Following on from our previously published article on ‘Understanding the role of building ventilation in curbing the spread of COVID-19 in 2021’, which can be accessed here https://mckeon.ie/understanding-the-role-of-building-ventilation-in-curbing-the-spread-of-covid-19-in-2021/, this week – as workplaces prepare for the return of staff and customers – we are exploring the role of HVAC systems and how these are evolving to mitigate the spread of the virus.
As mechanical and electrical specialists, when approaching HVAC installations or upgrades, the first step is always to understand the overall needs of the clients and the specific needs of the building, with consideration to the existing infrastructure, building and control systems. There is no ‘one size fits all solution’, rather, our team develops a custom-designed solution that meets clients demands in terms of optimising operational and energy efficiency, and increasing user comfort. Going forward, greater control over plant and equipment is likely to be prioritised by the building operators, together with an enhanced, integrated user interface.
There are a number of HVAC measures that have been proven to mitigate the spread of COVID-19, according to industry resource website https://www.facilitiesnet.com/hvac/article/3-HVAC-Measures-To-Fight-COVID-19–19283, including:
1) HEPA filtration: High efficiency particulate air (HEPA) filters can remove more than 99.9 percent of particles with a diameter of 0.3 microns or greater, including pollen, dust, some bacteria and some viruses. The coronavirus has a diameter of about 0.1 microns, however, as the virus typically attaches to exhaled water droplets that are 5 microns or larger, they can be trapped by a HEPA filter.
2) Outdoor-air ventilation rates: HVAC systems have evolved to operate with a minimum of outside air. Increased levels of outdoor air will dilute contaminants inside, including COVID-19, however, this increases heating and air conditioning costs as the system must raise or lower the temperature of outside air to the temperature of the conditioned space. According to the previously mentioned article, higher rates of outdoor-air ventilation might not help much in the fight against the coronavirus, “but higher ventilation rates coupled with other good practices can curtail the spread of the virus from one area in a building to another area served by the same system”.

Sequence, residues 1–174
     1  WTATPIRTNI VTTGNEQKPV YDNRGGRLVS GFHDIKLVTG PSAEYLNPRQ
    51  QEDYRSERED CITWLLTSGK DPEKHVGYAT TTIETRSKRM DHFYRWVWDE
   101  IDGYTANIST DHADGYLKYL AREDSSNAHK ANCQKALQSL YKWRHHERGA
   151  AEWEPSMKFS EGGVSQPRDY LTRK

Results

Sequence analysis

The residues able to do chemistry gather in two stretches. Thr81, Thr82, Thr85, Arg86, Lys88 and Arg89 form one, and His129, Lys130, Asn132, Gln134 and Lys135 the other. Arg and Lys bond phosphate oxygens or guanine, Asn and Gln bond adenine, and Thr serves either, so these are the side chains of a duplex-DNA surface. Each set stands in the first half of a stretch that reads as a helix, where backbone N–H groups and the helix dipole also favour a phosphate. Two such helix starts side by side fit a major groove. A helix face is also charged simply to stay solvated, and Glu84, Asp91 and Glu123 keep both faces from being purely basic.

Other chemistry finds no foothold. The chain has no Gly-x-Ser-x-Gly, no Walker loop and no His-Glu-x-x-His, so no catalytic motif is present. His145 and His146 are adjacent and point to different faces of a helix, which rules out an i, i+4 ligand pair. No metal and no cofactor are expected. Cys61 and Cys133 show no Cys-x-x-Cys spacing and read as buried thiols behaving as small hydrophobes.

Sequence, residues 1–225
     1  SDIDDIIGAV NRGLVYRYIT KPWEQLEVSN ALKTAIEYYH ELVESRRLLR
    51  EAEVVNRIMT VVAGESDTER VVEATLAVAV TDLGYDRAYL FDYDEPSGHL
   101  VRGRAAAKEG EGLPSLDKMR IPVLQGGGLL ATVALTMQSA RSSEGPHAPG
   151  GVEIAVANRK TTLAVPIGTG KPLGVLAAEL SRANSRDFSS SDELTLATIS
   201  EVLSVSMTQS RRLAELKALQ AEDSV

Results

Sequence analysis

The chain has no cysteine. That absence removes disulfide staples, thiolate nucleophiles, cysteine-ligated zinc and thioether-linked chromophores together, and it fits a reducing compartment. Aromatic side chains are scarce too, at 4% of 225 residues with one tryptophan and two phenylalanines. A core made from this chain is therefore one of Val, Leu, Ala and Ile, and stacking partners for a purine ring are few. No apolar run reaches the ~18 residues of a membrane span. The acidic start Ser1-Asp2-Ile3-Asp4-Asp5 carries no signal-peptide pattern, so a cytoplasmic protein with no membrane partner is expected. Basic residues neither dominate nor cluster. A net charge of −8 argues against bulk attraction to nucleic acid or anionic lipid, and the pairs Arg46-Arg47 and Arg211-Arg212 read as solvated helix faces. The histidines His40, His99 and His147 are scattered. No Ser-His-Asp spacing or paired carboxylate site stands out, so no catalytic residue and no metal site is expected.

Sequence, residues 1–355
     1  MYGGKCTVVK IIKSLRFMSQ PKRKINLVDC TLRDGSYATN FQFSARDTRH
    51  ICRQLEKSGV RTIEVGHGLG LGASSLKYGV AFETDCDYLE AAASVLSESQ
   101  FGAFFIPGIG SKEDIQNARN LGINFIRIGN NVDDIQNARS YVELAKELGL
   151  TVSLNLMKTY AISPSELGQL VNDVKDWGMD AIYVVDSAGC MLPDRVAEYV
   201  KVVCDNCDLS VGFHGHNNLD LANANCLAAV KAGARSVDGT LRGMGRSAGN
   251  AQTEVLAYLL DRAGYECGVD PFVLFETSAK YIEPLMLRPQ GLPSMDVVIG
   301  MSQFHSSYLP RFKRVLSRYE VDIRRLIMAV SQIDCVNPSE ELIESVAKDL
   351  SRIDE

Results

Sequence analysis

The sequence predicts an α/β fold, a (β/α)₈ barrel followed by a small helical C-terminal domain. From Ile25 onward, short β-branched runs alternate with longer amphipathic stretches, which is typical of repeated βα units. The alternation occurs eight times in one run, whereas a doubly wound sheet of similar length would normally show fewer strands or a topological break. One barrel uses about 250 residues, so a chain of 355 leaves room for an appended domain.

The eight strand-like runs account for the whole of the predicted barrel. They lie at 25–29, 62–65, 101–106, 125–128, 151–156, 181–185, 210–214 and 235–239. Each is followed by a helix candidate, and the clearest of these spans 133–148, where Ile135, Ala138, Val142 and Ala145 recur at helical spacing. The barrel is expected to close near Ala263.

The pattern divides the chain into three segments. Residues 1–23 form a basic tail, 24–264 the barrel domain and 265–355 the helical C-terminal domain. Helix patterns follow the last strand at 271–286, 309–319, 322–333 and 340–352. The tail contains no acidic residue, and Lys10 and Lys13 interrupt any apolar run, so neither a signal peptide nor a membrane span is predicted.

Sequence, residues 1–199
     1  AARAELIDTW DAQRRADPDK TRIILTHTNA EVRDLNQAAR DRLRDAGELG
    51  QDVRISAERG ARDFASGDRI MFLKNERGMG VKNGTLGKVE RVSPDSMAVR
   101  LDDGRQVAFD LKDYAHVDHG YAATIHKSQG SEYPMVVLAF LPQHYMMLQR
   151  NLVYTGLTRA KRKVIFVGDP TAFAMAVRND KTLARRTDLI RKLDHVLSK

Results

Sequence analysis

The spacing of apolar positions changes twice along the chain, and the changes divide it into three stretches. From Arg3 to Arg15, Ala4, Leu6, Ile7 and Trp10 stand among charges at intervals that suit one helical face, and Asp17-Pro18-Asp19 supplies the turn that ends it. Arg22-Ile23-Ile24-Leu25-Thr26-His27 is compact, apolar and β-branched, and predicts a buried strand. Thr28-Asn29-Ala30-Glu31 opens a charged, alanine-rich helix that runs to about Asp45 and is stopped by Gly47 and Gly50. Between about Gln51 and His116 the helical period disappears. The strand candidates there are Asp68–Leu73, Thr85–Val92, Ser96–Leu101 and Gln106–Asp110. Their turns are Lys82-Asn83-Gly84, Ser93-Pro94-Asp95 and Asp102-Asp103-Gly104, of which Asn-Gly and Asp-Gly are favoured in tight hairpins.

3) Humidity levels: Research has now shown that the virus remains airborne longer and can travel farther in dryer conditions, therefore relative humidity of 40-60 percent might help limit the spread of the coronavirus. The article cautions that not all HVAC systems can maintain these high humidity levels year round so the operation of the systems and spaces should be monitored for signs of condensation and/or mold.
The above measures prioritise minimising the spread of Covid-19, which can – temporarily – run contrary to energy efficiency and best practice. For more about this, please see McKeon Group insights on ‘COVID-19 Preventative Measures vs. Energy Conservation in Office Buildings’ https://mckeon.ie/covid-19-preventative-measures-vs-energy-conservation-in-office-buildings/ . For expert advice, contact the team at www.mckeon.ie.
About McKeon Group
Established in 1950 and ISO certified for more than two decades, McKeon Group offers expert construction, fitout and building services. The family-run Group delivers projects, services and maintenance across a range of sectors for State, local authority, FDI and private clients. For more information, contact: www.mckeon.ie